I'm reading Marc Norman's WHAT HAPPENS NEXT, a history of screenwriting. It's fun, rousing stuff, from Anita Loos's first silent photoplays through Herman Mankiewicz's famous telegram ("Millions to be made out here and the only competition is idiots. Don't let this get around.") up to the present. Of course now I'm sorry I'm not a newspaper writer (or failed playwright) in the 20's who could go out to Hollywood and make it big.
If you don't want to read about screenwriters, but just want to do it, try Epes Winthrop Sargent's TECHNIQUE OF THE PHOTOPLAY, a fine tome from 1913 about how to write for the new medium. On a quick glance through the chapter headings ("one main character," "deriving plots from nothing," "the value of the title"), there's much that has not changed from the 15 minute silents. So it's not just a historical document. It's still-wise advice -- and possibly easier to grasp since it's from a time when people did not assume they knew what movies are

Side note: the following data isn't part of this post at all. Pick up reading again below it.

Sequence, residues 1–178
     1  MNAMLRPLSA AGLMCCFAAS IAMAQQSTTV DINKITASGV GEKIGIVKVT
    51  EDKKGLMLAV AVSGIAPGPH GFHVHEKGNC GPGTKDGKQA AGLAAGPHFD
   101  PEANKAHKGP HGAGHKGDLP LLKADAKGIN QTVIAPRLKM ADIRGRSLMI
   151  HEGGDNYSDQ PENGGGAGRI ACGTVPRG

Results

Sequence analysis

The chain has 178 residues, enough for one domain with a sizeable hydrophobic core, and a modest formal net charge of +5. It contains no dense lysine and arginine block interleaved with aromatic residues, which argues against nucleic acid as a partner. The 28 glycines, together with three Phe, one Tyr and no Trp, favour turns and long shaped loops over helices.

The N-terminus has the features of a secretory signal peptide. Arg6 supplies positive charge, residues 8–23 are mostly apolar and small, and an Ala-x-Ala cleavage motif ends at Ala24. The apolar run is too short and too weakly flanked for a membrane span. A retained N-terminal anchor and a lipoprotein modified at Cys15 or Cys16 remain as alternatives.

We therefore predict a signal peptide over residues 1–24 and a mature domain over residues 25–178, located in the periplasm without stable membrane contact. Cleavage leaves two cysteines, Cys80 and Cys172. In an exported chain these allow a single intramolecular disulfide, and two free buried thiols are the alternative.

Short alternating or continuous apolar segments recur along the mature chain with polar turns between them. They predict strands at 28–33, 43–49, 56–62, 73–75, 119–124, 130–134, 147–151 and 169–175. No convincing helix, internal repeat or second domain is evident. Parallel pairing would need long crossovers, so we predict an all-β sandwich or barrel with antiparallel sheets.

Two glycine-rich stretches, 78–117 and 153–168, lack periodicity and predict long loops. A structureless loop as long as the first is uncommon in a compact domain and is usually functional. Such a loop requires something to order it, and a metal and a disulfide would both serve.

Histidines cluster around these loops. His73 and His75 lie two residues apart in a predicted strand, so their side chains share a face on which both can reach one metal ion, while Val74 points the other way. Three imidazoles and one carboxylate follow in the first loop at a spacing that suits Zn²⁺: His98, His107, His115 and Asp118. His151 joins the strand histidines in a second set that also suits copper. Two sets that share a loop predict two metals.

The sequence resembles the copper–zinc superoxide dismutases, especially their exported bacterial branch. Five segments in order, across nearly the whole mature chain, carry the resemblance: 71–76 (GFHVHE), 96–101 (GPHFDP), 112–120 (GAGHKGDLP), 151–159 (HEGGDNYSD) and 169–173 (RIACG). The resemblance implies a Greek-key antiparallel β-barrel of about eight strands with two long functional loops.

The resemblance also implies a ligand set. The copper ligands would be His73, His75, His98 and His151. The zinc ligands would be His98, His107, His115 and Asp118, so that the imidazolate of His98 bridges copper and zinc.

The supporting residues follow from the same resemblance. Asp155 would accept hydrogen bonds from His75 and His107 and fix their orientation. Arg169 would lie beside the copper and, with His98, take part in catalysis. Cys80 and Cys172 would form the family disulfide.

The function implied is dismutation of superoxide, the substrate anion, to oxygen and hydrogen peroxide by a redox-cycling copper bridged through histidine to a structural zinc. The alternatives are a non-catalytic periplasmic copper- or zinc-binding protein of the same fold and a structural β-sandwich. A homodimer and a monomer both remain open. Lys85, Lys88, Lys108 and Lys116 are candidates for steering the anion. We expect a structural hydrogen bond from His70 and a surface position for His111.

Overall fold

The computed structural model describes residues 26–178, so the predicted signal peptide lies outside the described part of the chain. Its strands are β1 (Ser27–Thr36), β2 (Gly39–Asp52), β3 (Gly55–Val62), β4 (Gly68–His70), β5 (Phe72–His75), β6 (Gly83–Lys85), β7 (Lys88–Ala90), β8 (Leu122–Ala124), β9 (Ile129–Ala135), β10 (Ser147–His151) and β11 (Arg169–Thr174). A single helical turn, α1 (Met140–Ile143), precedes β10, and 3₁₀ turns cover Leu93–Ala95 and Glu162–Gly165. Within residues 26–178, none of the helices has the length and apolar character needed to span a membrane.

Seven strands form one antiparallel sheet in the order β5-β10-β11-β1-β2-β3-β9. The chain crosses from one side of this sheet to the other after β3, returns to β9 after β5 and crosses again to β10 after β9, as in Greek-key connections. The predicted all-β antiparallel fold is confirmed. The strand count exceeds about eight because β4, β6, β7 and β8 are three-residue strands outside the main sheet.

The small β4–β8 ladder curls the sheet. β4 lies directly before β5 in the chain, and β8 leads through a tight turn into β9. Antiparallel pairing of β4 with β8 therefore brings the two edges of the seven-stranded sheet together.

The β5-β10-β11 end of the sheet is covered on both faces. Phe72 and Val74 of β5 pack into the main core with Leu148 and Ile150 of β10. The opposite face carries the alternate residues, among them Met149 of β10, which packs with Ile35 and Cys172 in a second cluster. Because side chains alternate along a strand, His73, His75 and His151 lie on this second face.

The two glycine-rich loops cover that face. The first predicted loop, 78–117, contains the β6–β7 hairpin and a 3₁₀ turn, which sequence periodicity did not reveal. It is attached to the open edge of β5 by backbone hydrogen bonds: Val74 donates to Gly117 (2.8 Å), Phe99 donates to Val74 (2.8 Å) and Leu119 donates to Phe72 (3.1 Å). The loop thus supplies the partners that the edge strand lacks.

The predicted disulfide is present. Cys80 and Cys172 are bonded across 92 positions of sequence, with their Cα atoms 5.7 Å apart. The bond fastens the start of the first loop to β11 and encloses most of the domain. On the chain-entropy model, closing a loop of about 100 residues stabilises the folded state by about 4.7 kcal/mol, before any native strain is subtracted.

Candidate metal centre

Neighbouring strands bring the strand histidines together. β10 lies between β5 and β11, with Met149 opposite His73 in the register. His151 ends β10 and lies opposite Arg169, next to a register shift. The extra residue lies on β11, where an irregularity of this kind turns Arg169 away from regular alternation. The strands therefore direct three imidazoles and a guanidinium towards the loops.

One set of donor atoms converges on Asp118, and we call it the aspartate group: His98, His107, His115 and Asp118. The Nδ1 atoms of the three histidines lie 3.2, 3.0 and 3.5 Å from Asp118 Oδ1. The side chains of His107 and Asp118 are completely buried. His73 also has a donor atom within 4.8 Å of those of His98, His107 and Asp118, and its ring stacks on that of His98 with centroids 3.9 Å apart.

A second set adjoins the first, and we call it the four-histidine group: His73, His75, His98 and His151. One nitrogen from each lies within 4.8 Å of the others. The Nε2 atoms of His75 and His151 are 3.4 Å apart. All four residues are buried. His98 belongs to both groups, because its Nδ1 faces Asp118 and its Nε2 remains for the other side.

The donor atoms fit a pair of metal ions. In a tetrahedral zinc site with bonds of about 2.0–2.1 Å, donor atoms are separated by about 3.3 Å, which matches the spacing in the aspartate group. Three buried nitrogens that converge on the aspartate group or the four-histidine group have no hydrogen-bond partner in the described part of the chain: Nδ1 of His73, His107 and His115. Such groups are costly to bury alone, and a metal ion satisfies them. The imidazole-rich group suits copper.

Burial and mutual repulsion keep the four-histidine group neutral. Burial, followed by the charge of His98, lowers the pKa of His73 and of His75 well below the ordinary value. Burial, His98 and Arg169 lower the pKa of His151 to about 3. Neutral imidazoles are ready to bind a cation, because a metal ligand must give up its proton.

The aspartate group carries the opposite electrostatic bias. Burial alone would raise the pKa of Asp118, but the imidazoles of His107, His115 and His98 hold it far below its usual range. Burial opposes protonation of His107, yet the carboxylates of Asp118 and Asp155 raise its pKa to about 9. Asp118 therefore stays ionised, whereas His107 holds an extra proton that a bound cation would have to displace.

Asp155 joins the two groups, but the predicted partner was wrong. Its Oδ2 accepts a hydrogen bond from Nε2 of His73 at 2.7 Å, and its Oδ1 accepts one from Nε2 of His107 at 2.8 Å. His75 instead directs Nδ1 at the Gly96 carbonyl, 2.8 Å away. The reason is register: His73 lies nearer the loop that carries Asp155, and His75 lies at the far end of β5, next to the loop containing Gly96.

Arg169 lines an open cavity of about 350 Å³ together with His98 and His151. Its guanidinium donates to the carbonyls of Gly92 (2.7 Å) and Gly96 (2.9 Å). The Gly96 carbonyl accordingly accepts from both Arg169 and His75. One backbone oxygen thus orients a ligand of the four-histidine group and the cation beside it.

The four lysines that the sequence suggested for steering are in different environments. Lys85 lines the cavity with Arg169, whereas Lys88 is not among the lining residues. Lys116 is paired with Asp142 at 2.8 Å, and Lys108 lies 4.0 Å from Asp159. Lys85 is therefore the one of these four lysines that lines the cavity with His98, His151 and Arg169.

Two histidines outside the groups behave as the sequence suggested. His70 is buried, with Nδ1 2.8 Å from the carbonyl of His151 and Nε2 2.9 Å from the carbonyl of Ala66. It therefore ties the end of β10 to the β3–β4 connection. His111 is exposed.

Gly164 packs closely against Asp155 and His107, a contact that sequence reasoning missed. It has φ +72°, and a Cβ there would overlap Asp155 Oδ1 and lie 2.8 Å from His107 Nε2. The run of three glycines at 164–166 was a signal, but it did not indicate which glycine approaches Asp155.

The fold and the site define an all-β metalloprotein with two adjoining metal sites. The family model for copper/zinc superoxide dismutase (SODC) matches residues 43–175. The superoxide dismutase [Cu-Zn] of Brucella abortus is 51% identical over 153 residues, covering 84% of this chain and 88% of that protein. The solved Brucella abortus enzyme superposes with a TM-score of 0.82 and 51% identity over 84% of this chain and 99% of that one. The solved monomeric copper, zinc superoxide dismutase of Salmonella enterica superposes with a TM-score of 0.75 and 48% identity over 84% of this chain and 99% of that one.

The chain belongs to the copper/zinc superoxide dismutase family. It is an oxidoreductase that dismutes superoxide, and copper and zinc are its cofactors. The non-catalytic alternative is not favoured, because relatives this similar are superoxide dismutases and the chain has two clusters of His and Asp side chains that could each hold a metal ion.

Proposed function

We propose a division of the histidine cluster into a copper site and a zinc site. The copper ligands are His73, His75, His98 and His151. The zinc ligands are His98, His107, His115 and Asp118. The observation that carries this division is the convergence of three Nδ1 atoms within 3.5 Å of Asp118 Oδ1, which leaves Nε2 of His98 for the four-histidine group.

You can also read it online as a Google Book
Labels: books, reading
I'm currently reading 'What Happens Next' as well. I got it as a Christmas gift.
I've read 'Flashback', which is essentially a textbook on film history, but I'm enjoying Norman's retelling. His writing style makes the history lesson quite interesting.
Still, just as reading Flashback, so much time is spent on Edison and how he didn't care for film. I, in return, don't care that much for him. At least when trying to read about film.
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